His Imminent Death

Jesus explained that he was “on the way” to Jerusalem to suffer arrest, trial, and his execution, according to God’s plan – Mark 10:32-34

Narrow Path - Photo by Ante Hamersmit on Unsplash
Once again, 
Mark stresses that Jesus was “on the way,” as he continued his journey to Jerusalem and his inevitable arrest, trial, and execution. The theme of his being “on the way” occurs several times in this gospel, beginning with the declaration by John the Baptist that he was to “prepare a way before the Lord.” Jesus was the suffering servant of Yahweh on the road through the wilderness to Calvary- [Photo by Ante Hamersmit on Unsplash].

The text adds the very apt description: they were “going up to Jerusalem.” The city was approximately 1,060 meters above the Jordan River valley - (Mark 1:2-3, 2:23, 8:27).

In Mark, this passage contains the third prediction of his death. In all three cases, it was made while Jesus and his disciples were on the way to Jerusalem, and in each instance, he referred to himself as the “Son of Man.” In this way, the gospel account links the title to his death - (Mark 8:31, 9:31).
  • (Mark 10:32-34) - “Now, they were on the way going up to Jerusalem, and Jesus was going before them, and they were amazed, and those following were afraid. And again taking the twelve, he began declaring the things that were going to happen to him, that, ‘Behold, we are going up to Jerusalem and the Son of Man will be handed over to the chief priests and the scribes, and they will condemn him to death, and hand him over to the Gentiles and they will mock him and spit on him and flog and kill him, and after three days he will rise up’” - (Parallel passages - Matthew 20:17-19, Luke 18:31-34).
Jesus “was going before” his disciples, for he knew what lay ahead. Nevertheless, he pressed on all the same. He was not led to the slaughter like a prisoner of war or a sacrificial animal. Instead, he pushed on in accord with God’s purpose. He was fully aware of what would occur at Jerusalem. This demonstrated his grim determination to fulfill his Father’s will, regardless of the consequences.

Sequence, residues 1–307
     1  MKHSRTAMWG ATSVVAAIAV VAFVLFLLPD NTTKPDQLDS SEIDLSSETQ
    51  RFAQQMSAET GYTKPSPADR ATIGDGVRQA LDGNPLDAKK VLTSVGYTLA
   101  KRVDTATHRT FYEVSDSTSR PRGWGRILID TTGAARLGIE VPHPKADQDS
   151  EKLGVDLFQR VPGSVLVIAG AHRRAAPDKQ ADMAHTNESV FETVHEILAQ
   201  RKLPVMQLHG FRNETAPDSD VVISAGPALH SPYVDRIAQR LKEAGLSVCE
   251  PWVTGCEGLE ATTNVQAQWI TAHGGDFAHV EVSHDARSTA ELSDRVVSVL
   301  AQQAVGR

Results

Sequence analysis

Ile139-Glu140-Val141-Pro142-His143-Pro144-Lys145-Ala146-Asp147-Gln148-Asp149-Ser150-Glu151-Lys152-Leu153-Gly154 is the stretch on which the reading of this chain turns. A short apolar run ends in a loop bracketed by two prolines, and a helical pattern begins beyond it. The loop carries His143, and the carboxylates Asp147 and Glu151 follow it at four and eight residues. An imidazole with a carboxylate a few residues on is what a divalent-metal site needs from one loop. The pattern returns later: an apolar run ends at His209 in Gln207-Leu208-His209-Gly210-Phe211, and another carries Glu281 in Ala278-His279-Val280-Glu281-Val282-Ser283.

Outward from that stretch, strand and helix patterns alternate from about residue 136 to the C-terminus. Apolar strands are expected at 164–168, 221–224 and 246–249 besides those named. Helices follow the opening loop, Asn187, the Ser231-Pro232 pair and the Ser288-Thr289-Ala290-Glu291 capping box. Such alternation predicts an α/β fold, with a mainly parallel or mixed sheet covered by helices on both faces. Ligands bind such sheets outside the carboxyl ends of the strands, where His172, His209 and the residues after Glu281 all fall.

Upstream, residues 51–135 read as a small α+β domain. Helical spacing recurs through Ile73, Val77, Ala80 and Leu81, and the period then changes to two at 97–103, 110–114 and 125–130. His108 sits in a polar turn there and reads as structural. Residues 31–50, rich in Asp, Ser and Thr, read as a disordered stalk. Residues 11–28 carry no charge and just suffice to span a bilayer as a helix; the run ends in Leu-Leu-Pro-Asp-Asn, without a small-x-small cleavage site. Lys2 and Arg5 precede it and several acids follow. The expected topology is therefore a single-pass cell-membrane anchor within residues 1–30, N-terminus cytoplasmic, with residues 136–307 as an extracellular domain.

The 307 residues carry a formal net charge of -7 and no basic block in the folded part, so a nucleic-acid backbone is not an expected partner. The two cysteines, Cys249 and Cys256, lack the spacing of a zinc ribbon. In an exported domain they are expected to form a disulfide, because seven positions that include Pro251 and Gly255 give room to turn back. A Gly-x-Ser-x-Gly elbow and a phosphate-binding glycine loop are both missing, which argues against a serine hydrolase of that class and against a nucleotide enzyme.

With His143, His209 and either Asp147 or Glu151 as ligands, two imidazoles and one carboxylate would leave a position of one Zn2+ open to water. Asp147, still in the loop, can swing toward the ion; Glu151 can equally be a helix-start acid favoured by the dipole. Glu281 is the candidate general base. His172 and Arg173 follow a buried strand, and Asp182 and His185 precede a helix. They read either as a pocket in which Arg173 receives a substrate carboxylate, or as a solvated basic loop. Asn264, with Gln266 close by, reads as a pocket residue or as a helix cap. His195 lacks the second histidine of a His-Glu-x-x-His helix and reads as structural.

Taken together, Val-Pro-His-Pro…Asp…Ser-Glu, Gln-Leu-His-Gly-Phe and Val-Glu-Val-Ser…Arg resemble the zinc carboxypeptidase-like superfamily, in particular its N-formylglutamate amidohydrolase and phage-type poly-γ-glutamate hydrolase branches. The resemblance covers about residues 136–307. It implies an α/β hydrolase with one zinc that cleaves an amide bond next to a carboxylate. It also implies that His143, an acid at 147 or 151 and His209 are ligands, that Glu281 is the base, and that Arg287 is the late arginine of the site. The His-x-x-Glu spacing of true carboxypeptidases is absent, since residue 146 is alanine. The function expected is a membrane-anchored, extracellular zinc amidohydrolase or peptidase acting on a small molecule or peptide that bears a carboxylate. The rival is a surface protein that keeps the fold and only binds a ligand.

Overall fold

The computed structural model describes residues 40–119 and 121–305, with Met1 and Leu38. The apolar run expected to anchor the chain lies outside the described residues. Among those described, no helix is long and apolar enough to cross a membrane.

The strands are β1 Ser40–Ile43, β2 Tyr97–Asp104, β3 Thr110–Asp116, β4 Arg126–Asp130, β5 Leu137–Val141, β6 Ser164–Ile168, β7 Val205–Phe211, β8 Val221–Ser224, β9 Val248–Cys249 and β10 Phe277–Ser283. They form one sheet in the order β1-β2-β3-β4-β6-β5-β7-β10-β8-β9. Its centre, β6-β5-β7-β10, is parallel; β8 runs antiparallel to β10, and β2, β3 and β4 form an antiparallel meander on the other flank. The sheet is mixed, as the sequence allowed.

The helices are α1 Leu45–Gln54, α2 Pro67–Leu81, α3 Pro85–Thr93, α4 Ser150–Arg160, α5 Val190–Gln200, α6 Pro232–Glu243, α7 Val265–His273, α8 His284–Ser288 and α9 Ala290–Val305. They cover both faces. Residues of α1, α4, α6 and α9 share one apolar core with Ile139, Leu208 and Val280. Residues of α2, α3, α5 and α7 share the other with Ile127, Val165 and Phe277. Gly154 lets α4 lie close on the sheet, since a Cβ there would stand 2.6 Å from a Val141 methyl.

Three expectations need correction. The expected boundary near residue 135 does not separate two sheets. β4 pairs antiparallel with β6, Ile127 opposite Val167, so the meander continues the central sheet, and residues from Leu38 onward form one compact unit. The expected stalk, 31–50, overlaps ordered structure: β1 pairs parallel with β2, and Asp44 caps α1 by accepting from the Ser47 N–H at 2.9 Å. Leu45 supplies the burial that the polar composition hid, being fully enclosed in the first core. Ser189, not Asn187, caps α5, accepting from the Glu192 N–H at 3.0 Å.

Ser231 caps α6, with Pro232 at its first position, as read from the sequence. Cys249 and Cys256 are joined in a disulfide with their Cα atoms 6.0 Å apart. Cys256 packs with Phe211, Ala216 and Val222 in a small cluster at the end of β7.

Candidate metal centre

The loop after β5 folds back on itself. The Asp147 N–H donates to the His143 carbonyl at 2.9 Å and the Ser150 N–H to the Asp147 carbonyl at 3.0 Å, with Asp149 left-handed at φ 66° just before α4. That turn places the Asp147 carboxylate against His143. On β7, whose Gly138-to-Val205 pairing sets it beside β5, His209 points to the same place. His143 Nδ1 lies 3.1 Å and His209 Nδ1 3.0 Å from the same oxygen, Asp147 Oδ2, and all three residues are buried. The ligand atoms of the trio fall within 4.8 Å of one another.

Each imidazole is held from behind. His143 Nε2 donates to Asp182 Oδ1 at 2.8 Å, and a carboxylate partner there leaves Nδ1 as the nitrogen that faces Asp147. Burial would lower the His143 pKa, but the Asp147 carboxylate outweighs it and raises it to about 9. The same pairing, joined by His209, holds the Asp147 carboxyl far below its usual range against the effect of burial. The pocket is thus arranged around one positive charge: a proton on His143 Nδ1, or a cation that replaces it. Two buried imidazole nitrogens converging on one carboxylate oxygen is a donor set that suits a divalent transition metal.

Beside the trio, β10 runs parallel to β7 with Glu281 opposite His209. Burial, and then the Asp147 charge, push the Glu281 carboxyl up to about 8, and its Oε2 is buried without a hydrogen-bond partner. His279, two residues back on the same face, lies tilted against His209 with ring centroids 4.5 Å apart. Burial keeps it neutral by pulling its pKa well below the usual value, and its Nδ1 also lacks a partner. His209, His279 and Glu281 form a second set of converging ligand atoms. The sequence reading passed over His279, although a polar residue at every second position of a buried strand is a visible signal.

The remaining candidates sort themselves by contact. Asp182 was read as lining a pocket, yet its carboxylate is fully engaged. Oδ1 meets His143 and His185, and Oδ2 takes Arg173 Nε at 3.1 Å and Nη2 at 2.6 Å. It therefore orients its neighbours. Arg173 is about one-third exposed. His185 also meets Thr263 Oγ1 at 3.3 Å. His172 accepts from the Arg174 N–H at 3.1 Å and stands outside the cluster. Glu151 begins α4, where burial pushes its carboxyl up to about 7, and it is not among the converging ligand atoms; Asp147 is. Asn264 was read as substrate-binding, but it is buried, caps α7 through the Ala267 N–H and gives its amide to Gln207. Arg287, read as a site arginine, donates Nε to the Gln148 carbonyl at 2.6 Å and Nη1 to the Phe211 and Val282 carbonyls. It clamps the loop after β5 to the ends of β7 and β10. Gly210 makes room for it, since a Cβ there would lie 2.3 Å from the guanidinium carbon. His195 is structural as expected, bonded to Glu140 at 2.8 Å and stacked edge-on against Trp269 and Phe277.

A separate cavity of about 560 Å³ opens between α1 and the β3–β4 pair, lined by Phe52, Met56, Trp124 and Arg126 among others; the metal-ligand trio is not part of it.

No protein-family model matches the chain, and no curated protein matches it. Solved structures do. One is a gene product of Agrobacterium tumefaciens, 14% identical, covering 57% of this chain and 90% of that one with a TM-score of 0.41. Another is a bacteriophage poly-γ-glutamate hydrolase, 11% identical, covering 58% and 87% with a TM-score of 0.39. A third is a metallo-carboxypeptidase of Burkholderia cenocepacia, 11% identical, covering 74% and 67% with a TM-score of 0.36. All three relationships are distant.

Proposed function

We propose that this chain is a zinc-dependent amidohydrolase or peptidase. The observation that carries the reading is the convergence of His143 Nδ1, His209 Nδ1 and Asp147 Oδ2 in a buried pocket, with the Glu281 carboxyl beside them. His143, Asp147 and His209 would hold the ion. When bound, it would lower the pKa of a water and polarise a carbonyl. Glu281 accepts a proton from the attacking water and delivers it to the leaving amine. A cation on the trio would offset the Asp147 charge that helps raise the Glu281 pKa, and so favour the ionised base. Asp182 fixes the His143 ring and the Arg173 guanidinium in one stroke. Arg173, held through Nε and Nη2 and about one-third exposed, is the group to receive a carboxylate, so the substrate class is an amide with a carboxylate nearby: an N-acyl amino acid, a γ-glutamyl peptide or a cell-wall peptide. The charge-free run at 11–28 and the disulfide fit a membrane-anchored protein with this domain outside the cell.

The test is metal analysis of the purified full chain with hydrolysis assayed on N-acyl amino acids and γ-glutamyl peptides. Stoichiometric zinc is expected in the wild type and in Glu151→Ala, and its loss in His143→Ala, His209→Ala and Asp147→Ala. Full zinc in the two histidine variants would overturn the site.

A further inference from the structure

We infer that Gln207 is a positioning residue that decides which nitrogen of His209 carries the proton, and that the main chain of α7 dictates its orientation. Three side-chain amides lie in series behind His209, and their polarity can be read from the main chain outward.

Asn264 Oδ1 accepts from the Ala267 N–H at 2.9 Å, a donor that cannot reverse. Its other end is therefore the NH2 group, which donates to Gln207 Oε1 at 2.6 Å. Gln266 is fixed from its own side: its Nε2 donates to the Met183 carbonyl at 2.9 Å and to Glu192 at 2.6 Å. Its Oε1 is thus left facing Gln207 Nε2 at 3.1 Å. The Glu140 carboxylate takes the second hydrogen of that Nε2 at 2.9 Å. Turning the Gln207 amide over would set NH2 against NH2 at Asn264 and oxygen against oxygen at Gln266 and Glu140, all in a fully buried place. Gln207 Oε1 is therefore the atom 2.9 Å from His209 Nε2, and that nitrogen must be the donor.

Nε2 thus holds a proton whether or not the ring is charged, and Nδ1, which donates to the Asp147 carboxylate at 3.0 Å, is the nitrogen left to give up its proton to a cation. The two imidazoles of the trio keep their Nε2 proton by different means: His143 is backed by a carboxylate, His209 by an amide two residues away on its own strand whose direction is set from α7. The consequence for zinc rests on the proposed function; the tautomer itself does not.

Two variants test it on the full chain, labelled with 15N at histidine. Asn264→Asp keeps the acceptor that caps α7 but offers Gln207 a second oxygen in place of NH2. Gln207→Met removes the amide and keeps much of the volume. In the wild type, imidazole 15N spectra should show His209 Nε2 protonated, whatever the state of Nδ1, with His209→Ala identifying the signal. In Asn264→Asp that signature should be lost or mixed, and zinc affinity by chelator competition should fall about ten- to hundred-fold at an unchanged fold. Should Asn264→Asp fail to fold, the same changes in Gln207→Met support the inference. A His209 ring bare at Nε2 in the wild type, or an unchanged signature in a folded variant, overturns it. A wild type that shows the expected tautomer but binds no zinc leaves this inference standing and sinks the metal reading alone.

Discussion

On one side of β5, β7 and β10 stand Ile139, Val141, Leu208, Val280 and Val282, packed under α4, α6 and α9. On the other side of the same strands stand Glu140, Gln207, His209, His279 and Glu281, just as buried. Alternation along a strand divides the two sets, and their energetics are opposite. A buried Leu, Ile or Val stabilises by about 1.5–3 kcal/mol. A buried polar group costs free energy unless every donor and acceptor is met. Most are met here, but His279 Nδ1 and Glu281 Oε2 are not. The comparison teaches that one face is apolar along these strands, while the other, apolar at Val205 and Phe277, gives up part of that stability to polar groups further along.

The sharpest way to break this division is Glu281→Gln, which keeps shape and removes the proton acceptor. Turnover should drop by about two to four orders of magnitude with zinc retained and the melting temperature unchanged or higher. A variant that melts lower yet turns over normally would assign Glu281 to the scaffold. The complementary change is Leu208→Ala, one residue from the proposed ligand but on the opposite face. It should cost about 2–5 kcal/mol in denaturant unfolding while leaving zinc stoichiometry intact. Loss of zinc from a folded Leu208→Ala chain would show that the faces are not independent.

The notation that those who were journeying with Jesus “were afraid” suggests they had some inkling of what lay ahead. While the disciples did not yet understand his messianic mission, previously, he had predicted his future sufferings at Jerusalem.

His pronouncement emphasizes the complicity of the religious leaders of the Jewish nation in his death. However, Jesus was also handed over to the Gentiles. It was the representative of the Roman government who executed him, though this was at the instigation of the Temple authorities. The Gentiles also had guilt in his death. In the end, no one’s hands were clean.

The Greek verb rendered “handed over” (paradidōmi) means “hand over, to deliver up, to betray.” This is a theologically loaded term in Mark. It was first used when John the Baptist was arrested and handed over to Herod Antipas - (Mark 1:14).

The imprisonment and execution of John were harbingers of what was in store for Jesus. Beginning with the first ‘Passion Prediction,’ “handed over” is used consistently for the betrayal of Jesus into the hands of those who were plotting his death. Moreover, he used this same verb to describe how, in the future, his followers would likewise be “handed over” to suffer for the gospel - (Mark 13:9-12).

As before, Jesus referred to his rising “after three days.” Mark reckoned the three days per the Jewish custom of counting even part of one day as a full day - (i.e., Friday evening, Saturday, and Sunday morning).

Since the disciples did not understand, or would not accept, the prediction of his death, so, also, they had yet to comprehend what he meant by his rising from the dead “after three days.”


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